In recent years, there has been a remarkable shift towards creating safe and inclusive spaces for not just LGBTQ+ individuals in the workplace, but also for other minority groups. The creative industries, including the furniture industry, have been at the forefront of this change. Here, individuality and self-expression are celebrated, making it an ideal space for professionals of diverse backgrounds to thrive and embrace their true selves.

Creative spaces encourage collaboration and foster a sense of community, where individuals can connect and find understanding. This network becomes an invaluable resource for mentorship, guidance, and a sense of belonging, ultimately empowering LGBTQ+ professionals to excel in their careers, whilst offering genuine representation to those that need it the most.

One of the most empowering aspects of the creative industries is its ability to break stereotypes and challenge societal norms. Individuals have the opportunity to showcase their unique perspective and contribute to a diverse and inclusive narrative. By shattering preconceived notions, this inspires others and paves the way for a more accepting society.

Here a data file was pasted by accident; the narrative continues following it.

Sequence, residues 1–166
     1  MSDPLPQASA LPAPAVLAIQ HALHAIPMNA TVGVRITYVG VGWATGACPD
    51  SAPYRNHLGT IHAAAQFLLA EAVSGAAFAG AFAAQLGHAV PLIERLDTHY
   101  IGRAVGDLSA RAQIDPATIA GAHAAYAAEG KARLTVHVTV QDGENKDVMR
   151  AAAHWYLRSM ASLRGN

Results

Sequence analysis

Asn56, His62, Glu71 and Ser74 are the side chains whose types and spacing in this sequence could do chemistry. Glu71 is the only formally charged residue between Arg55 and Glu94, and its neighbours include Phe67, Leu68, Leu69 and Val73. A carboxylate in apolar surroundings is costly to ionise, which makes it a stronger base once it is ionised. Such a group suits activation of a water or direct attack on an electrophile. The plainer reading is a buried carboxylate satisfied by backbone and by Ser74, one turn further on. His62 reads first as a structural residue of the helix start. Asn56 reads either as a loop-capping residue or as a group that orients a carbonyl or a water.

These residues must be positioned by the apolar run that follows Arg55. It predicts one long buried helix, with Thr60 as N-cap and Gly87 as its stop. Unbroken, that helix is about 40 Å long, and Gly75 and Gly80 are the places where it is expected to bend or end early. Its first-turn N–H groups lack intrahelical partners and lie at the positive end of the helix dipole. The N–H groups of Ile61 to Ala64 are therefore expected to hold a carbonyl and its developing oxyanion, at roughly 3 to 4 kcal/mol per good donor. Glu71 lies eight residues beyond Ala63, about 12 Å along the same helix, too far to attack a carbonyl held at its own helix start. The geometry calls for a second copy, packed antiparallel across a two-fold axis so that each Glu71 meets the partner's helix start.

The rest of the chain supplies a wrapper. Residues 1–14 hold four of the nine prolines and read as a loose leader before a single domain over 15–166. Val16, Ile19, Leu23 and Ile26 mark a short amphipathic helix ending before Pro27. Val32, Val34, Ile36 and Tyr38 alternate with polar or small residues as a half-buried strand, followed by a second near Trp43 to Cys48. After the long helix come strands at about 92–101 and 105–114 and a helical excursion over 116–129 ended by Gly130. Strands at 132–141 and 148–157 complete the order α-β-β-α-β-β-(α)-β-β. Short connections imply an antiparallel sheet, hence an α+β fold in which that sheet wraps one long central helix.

The furniture industry thrives on fresh perspectives, innovative designs, and out-of-the-box thinking. On many occasions I have found myself in loud, glitter covered gay bars and trod rainbow paved streets. No doubt, my experiences in this sensory world has had an influence on the rich tapestry of what makes me 'me'. Identity offers a unique lens through which I and many others have approached design work. Take a look at some of my recent designs - if that's not a little bit fruity then I don't know what is.

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We're starting to see more and more prominent LGBTQ+ figures in the industry, flamboyant and unapologetic in their approach and references. Like me, it is their life experiences and underground network of ‘cause and effects’, that have shaped their successes.

Proud Little Pyramid, King;s Cross, 2021 - Photo by Gareth Gardner
Adam Nathanial Furman - Photo by Gareth Gardner

Adam Nathanial Furman, for example, is a leading designer who's work reflects who they are and the experiences of LGBTQ+ persons. Their work 'Proud Little Pyramid' which was displayed in Kings Cross 2021 during Pride Month, celebrates queerness in all of its glory and narrates the queer history of the site itself. The work stands as a monument to the breaking down of stereotypes and exuding joy, whilst providing solace to persons in the community and their allies.